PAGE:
The Seoul Street Grilled Beef Bulgogi Kimchi was the most disappointing. My companions didn’t even finish them. The beef was sparse and mixed with diced kimchi as if the chef wanted to create a salsa with the two components rather than allow the kimchee to do it’s job in this dish.
The final small dish, stuffed tofu with pineapple, mango, and vegetables, was quite close to making the mark. The presentation was appealing and all the ingredients were fresh. Still, too bland. Just too bland. The sauce covering the plate upon which the tofu “sandwiches” lay was like a watered down version of the satay sauce we’d just enjoyed with the mushroom skewers.
If you are the type of person who likes to “see for yourself,” try Street Food Asia and let us know what you think. But bring your earplugs. That place is LOUD.
Street Food Asia
3422 Central Ave, SE
ABQ, NM 87106
Have you ever tried food from Laos? If you’re in Albuquerque, drop in Sakura Sushi Thai and Laos Cuisine in the Northeast Heights for lunch or dinner. They offer homey cuisine in a relaxed atmosphere and the service is impeccable!
Start with some sake. They have quite a few varieties listed. Here, we have TyKu’s Super Premium sake in a sleek black bottle:
After you’ve had a few cups of sake, nibble on some appetizers. Sakura Sushi offers Japanese, Thai, and Laos dishes on their menu so you’ll have plenty of choices.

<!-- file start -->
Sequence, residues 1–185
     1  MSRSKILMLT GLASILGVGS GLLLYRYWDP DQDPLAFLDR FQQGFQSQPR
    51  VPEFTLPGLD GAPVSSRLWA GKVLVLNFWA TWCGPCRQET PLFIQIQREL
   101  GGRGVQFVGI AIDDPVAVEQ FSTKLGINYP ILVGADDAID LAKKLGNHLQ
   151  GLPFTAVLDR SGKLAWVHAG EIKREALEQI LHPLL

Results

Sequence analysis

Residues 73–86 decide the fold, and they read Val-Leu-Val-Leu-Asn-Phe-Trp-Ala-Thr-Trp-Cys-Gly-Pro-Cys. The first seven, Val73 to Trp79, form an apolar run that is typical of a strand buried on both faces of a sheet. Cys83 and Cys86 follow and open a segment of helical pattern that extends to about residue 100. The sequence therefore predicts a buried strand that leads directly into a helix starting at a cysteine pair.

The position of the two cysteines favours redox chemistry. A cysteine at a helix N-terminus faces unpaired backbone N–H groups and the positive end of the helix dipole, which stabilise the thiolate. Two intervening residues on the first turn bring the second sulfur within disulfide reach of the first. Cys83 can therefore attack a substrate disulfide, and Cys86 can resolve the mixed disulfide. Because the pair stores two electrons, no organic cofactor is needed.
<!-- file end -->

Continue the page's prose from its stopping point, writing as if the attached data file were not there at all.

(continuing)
Next, you move on to the real deal. You absolutely must try this handmade pork sausage. It’s a little spicy but not over-powering. It’s the best thing on the menu!
If you’re in the mood for sushi, try the specialty rolls and wash it all down with some hot sake. The price is affordable and the family running this restaurant make sure you enjoy your visit.
Sakura Sushi Thai and Laos Cuisine
4200 Wyoming Blvd. NE (C-2)
ABQ, NM 87111
The only Filipino food I’d ever eaten was a marvelous adobo made by my sister-in-law, who is from Manila. It was amazing, heaped over a pile of steamed white rice and served with simple vegetables. But Filipino Kitchen had so much more to offer.
I know it’s a large picture but I want you to take in all that yummy goodness!
The new menu offers options outside of buffet, such as specialty items and appetizers. There is also a take-away menu and desserts, which we will try next time for sure!
Two people in our party opted to order from the menu, just to try something different.
The restaurant is spacious, very very clean, and the wait staff are attentive and quick. You can’t ask for more! Lunch buffet is 12.95 so drop by Filipino Kitchen!
Outsider in a village seeks to learn tai chi from the master but villagers are forbidden from sharing their knowledge. He must earn their respect and gratitude before they will allow him to study their secret art.
Tai Chi O, the first in a planned trilogy, will be distributed by Well Go USA so there is a very high chance we will actually get to view it. With Stephen Fung directing and Sammo Hung as action director, we’re practically salivating here. Diversion Pictures is hell bent on creating a new Chinese martial arts star and we’ll be keeping an eye on what develops.
When the trailer hits the internet, we’ll make sure you get to see it.
You need to see this. Trust me.